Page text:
Charlottesville in Albemarle County, Virginia — The American South (Mid-Atlantic)
—Thomas Jeﬀerson's Monticello —
Jefferson introduced mechanized cloth production to his plantation when trade embargoes and looming war cut off the supply of imported British cloth. In 1811, he hired William McLure, a free white artisan and "a very ingenious man," to build textile machinery and train enslaved people at Monticello in its use. McLure set up more efficient spinning jennies and looms with flying shuttles in what Jefferson called "my little factory." the Herns, Gillettes, and other enslaved families produced enough coarse cloth for as many as 140 slaves on the plantation. After McLure left in 1814, the textile workshop moved from an outlying farm to this building, and was supervised by Jefferson's daughter, Martha Randolph.
Spinners & Weavers
In 1815, a dozen enslaved women, girls, and boys made cloth from wool, cotton, and hemp here. Randall and John Hern, Israel Gillette, and Isaiah prepared the fibers for spinning, combing out dirt and knots with hand cards, or cranking a mechanical wood carder. Randall and John's mother, Cretia Hern, spun cotton on a jenny with 24 spindles. Isabel, Agnes Gillette, and Nanny Granger spun hemp, while Harriet Hemings operated a 12-spindle machine for wool. Eliza (10) transferred spun yarn from the spindles to the shuttles of the looms for Mary Hern and Dolly, who
Hargreaves Spinning Jenny by Abraham Rees, The Cyclopedia, in 1819. after experimenting with newer spinning machinery, Jefferson settled on a jenny patented in Britain in 1770 by James Hargreaves because it was "simpler & better than all the improved machines."
Loom with fly shuttle, invented 1733, illustrated in The Compendious History of the Cotton Manufacture, 1823.
I make in my family 2000 yds. of cloth a year, which I formerly bought from England, and it only employs a few women, children & invalids who could do little in the farm.
Thomas Jefferson, 1815
"Spinning,Weaving," Jefferson's Farm Book.
Jefferson tallied the projected totals of cotton wool, or hemp that his ensalved textile workers would card, spin, or weave per day. Workdays were based on sunlight and varied from nine hours in January to 13 hours in July.
Tunis sheep 1811, At Monticello, sheep like these provided wool for use in the textile workshop on Mulberry Row.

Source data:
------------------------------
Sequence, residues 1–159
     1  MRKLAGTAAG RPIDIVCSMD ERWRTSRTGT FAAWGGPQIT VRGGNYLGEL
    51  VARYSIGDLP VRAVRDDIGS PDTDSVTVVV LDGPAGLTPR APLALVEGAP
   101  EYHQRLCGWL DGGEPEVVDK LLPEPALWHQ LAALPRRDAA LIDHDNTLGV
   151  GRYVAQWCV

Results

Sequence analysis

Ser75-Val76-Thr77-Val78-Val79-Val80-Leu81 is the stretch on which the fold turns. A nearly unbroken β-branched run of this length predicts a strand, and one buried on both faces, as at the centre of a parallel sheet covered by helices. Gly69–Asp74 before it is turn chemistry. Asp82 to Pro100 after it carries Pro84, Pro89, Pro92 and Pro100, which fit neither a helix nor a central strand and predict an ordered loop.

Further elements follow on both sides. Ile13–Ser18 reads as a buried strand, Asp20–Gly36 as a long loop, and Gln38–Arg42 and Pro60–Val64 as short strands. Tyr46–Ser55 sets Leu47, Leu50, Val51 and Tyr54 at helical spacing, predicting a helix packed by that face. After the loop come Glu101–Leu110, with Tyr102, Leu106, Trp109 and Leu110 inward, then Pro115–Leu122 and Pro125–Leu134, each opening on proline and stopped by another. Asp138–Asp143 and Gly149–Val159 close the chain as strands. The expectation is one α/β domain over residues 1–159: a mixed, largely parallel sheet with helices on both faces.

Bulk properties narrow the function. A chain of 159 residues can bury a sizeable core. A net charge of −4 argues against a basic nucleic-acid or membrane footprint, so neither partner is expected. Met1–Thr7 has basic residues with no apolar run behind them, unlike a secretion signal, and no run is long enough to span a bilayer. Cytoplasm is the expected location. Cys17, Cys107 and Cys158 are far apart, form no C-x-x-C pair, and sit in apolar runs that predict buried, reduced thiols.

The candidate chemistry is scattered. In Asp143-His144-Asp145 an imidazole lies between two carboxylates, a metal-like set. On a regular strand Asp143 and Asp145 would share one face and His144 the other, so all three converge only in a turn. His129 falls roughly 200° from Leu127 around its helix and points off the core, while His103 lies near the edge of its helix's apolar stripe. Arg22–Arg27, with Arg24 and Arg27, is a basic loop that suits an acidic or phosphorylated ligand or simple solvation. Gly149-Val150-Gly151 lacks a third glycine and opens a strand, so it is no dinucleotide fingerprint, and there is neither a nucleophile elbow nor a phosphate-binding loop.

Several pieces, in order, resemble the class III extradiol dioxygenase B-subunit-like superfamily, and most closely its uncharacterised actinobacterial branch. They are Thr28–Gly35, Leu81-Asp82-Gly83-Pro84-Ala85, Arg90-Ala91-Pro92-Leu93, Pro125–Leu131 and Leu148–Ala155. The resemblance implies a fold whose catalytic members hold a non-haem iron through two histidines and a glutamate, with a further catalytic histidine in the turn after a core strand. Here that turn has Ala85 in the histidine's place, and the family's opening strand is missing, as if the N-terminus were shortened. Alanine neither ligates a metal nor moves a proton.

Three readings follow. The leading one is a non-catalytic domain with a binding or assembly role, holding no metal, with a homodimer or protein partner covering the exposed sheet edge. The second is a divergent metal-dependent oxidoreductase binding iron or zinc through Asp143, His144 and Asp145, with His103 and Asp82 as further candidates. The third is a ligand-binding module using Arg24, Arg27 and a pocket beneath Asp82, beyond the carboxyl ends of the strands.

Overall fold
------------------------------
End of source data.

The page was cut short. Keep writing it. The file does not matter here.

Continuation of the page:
Built in 1776, this stone structure served as living quarters for free or enslaved workers until 1814. During the building and remodeling of the main house (1769-83 and 1796-1809), skilled white workers lived here, including brickmasons Hugh Chisholm
Jefferson's 1770 design for a stone house differed from the building constructed ca. 1776.
Location. 38° 0.584′ N, 78° 27.105′ W. Marker is in Charlottesville, Virginia, in Albemarle County. Marker can be reached from Thomas Jefferson Parkway. Click for map. Marker is on the grounds of Monticello and an entrance fee is required. Marker is in this post office area: Charlottesville VA 22902, United States of America.
Other nearby markers. At least 8 other markers are within walking distance of this marker. Mulberry Row (within shouting distance of this marker); The Levy Legacy (within shouting distance of this marker but has been reported missing); Discovering Mulberry Row (about 300 feet away, measured in a direct line); Ice House (about 400 feet away); Nail-Making (about 500 feet away); Wood Trades (about 600 feet away); The Monticello Graveyard (approx. ¼ mile away); Piney River Cabin (approx. 0.7 miles away). Click for a list of all markers in Charlottesville.
Categories. • African Americans • Industry & Commerce •
Credits. This page originally submitted on , by Bill Pfingsten of Bel Air, Maryland. This page has been viewed 743 times since then and 66 times this year. Photos: 1, 2, 3, 4, 5. submitted on , by Bill Pfingsten of Bel Air, Maryland. This page was last revised on June 16, 2016.